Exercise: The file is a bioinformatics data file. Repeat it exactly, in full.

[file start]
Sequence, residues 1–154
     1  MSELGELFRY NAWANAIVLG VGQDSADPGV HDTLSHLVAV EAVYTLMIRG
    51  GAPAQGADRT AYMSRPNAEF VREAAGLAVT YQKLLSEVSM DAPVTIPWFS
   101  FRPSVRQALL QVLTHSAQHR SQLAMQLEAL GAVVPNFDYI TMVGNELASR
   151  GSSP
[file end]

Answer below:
Sequence, residues 1–154
     1  MSELGELFRY NAWANAIVLG VGQDSADPGV HDTLSHLVAV EAVYTLMIRG
    51  GAPAQGADRT AYMSRPNAEF VREAAGLAVT YQKLLSEVSM DAPVTIPWFS
   101  FRPSVRQALL QVLTHSAQHR SQLAMQLEAL GAVVPNFDYI TMVGNELASR
   151  GSSP